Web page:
MINNEAPOLIS — The Vikings’ 29-19 victory over the Saints in the season opener is remembered most for the way Minnesota quarterback Sam Bradford fired his passes with ease and accuracy, finishing 27-for-32 for 346 yards and three touchdowns.
Mostly forgotten is the way New Orleans drove to Minnesota’s 19-yard line, 2-yard line (twice) and 6-yard line before settling for field goals.
The Saints finished 1-for-5 in the red zone in Week 1, their only touchdown coming late in the fourth quarter when the Vikings held a comfortable lead at 29-12.
Heading into Sunday’s NFC divisional-round rematch at U.S. Bank Stadium, the Saints’ to-be Hall of Fame quarterback Drew Brees says there is a drastic difference in his squad.
“It’s night and day,” he said. “You’re still trying to find yourself (early). You’re still trying to establish your identity. That feels like ages and ages ago.”
With an eight-game winning streak midseason, the Saints built the NFL’s second-ranked offense in 2.44 points per drive in the red zone, according to footballoutsiders.com. The Vikings defense, meanwhile, has gotten even better from that first-week performance, ranking second with 1.39 points allowed per red zone drive.
“I don’t even remember Week 1, honestly,” said Vikings leading tackler, linebacker Eric Kendricks.
Maybe its better that way because the Saints are a better team than the one that started the season 0-2. At that point, Adrian Peterson was still their starting tailback; since a midseason trade sent him to Arizona, tailbacks Alvin Kamara and Mark Ingram have become the first running back duo to each top 1,500 yards from scrimmage in a single season.
Against the Vikings, Kamara had seven carries for 18 yards, Peterson six for 18 and Ingram six for 17. Since then, the Saints have altered the way they use Kamara, a favorite for NFL offensive rookie of the year. Among rushers with at least 100 carries, the third-round pick from Tennessee leads the league with a 6.1 yards per carry. He also caught 81 passes for 826 yards, including four for 20 against Minnesota.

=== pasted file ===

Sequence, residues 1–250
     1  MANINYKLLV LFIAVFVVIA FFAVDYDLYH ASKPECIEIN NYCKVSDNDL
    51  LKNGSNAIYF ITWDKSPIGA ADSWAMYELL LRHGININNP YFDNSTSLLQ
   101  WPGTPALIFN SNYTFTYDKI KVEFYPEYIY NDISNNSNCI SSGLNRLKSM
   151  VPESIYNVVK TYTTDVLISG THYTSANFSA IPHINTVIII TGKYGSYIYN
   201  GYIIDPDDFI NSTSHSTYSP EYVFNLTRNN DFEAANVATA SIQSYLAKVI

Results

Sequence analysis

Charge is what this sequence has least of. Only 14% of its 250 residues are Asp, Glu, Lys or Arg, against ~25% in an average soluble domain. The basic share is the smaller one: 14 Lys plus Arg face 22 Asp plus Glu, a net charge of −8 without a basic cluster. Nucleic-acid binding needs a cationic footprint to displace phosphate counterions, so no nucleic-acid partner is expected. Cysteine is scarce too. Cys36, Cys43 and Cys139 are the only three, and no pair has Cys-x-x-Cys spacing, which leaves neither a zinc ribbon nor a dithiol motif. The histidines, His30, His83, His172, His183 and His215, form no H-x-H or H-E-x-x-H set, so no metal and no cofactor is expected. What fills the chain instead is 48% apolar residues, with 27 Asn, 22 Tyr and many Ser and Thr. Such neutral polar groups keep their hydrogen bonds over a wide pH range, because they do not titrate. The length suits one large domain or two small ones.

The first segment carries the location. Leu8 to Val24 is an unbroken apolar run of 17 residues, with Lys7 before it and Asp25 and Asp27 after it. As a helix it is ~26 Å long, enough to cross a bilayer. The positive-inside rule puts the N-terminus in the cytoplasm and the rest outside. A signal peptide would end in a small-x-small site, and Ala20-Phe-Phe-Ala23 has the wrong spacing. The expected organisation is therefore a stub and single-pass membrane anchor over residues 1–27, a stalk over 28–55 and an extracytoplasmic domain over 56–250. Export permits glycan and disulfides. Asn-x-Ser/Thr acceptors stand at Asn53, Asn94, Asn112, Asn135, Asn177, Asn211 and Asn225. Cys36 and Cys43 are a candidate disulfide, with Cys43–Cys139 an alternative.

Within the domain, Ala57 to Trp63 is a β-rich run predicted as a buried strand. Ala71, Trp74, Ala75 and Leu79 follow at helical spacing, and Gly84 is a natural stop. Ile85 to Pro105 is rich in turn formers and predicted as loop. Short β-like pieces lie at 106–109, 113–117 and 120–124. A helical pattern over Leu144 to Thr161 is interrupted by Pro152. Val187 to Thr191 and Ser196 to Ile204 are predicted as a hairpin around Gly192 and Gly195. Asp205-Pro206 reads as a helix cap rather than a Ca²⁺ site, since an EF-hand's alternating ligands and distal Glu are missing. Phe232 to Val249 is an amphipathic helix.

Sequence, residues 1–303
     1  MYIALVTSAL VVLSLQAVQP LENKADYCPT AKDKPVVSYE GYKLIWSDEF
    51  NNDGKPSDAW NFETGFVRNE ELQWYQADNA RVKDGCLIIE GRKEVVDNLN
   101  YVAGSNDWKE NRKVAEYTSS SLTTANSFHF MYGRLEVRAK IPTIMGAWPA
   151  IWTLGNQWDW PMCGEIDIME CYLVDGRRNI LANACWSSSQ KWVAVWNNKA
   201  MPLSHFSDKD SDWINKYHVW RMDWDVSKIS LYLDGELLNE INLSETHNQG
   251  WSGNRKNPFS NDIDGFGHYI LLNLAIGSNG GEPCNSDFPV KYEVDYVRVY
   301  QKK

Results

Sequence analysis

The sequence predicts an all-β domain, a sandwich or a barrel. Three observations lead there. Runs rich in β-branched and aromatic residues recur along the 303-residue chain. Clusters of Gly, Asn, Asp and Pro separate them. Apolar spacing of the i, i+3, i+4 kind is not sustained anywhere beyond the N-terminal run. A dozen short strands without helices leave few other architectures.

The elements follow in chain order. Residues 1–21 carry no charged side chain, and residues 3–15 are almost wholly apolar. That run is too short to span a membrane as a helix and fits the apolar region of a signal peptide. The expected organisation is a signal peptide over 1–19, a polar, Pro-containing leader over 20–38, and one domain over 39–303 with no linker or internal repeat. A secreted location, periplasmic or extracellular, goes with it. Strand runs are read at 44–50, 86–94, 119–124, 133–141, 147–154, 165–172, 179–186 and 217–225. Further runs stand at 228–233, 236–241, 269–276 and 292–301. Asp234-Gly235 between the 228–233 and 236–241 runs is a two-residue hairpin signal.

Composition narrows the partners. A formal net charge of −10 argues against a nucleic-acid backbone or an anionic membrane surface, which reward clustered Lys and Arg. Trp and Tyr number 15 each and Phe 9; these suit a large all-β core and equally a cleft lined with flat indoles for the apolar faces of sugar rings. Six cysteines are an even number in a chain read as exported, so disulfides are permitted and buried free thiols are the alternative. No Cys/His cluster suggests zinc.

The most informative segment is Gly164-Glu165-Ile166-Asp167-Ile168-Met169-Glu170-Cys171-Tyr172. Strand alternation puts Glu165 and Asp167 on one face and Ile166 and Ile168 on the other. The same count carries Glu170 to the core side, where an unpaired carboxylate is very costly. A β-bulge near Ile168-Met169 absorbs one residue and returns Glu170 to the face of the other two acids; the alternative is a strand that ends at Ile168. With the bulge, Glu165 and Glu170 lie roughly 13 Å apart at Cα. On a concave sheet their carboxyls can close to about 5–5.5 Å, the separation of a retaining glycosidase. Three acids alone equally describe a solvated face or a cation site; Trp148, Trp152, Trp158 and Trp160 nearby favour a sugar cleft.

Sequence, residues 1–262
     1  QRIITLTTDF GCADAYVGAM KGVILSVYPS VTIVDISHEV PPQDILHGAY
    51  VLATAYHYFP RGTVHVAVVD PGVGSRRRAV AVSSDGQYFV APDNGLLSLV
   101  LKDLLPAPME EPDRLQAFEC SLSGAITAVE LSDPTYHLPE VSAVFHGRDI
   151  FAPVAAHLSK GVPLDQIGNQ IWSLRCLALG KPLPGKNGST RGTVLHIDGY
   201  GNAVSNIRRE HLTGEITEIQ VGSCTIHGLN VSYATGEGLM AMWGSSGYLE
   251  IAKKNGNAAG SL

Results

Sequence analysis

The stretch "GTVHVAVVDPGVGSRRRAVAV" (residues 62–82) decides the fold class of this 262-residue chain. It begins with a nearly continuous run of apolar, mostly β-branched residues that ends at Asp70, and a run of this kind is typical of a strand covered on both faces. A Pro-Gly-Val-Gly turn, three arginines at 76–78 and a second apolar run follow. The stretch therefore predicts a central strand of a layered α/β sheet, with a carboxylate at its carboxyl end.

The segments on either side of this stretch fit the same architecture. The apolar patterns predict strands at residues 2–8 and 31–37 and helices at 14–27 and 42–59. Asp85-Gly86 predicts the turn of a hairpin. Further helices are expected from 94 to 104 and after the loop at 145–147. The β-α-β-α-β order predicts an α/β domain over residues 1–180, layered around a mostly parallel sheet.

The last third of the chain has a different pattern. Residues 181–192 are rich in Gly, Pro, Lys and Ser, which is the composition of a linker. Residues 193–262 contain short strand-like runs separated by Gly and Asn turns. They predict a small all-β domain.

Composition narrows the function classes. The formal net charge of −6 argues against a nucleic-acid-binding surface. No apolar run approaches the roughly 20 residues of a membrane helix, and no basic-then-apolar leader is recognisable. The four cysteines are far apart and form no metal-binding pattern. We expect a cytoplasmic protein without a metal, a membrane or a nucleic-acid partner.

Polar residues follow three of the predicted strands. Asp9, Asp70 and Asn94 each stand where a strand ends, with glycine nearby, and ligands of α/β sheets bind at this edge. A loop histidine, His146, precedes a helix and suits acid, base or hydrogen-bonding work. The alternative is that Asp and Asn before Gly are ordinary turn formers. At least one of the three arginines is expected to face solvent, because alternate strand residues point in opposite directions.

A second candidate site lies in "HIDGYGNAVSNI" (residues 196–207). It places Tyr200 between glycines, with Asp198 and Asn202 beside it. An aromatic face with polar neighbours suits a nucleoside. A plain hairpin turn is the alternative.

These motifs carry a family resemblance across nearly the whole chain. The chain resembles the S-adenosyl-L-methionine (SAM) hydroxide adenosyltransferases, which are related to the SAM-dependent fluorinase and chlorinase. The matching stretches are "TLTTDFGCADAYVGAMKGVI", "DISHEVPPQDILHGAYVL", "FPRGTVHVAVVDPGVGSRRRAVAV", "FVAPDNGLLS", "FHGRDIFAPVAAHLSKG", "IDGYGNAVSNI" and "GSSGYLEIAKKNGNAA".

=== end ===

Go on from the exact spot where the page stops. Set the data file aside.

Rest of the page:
“They use him a little bit more, spread him out of the backfield a little bit more,” Vikings coach Mike Zimmer said. “They use him as a receiver some, he catches the ball some on screens. But he’s in the backfield, as well. He played against us the first game, but I guess they’re using his abilities a little bit more now.”
Then there’s Brees, whom Anthony Barr marveled at while watching the Saints’ 31-26, first-round victory over Carolina on Sunday. During a second-quarter touchdown drive, Brees threw a perfect pass to tight end Jeremy Hill for a 25-yard gain that caught Barr’s eye.
“I think it’s just how quickly he gets the ball out and how accurate he is; you could have a guy covered,” Barr said. “I think you saw (Sunday) night, the tight end down the seam, and the (Panthers defender) was pretty locked up and (Brees) threw a back-shoulder to him perfectly. ... You think you are in perfect position and you’re not.”
Defensively, the Saints have put themselves in better positions. A pair of rookies — cornerback Marshon Lattimore and safety Marcus Williams — made their pro debuts against the Vikings and it showed. Combined with a Week 2 loss to Tom Brady and the Patriots, the Saints were last in the league, allowing 388 passing yards a game.
After the Vikings game, Lattimore, a first-round pick from Ohio State, said, “We had to do better with communication.” The Saints defense is now ranked 15th in the NFL, allowing 326 yards per game, and Lattimore is a defensive rookie of the year candidate.
“(Lattimore) has been playing lights out and he gets a lot of recognition, as he should,” Vikings receiver Jarius Wright said. “... The difference is earlier in the year, I think, they were not confused but just working with new guys. I do think that the secondary has settled in. I think they will play well.”
Another expected threat for the Vikings is Saints defensive end Cameron Jordan, son of former Vikings tight end Steve Jordan. Jordan sacked Bradford in the opener and has added 12 more since.
“He’s as good of a defensive end as there is in the league,” Zimmer said.
While the Vikings have changed — Bradford and starting running back Dalvin Cook were both injured and replaced by Case Keenum and Latavius Murray — the consensus is the Saints have changed for the better.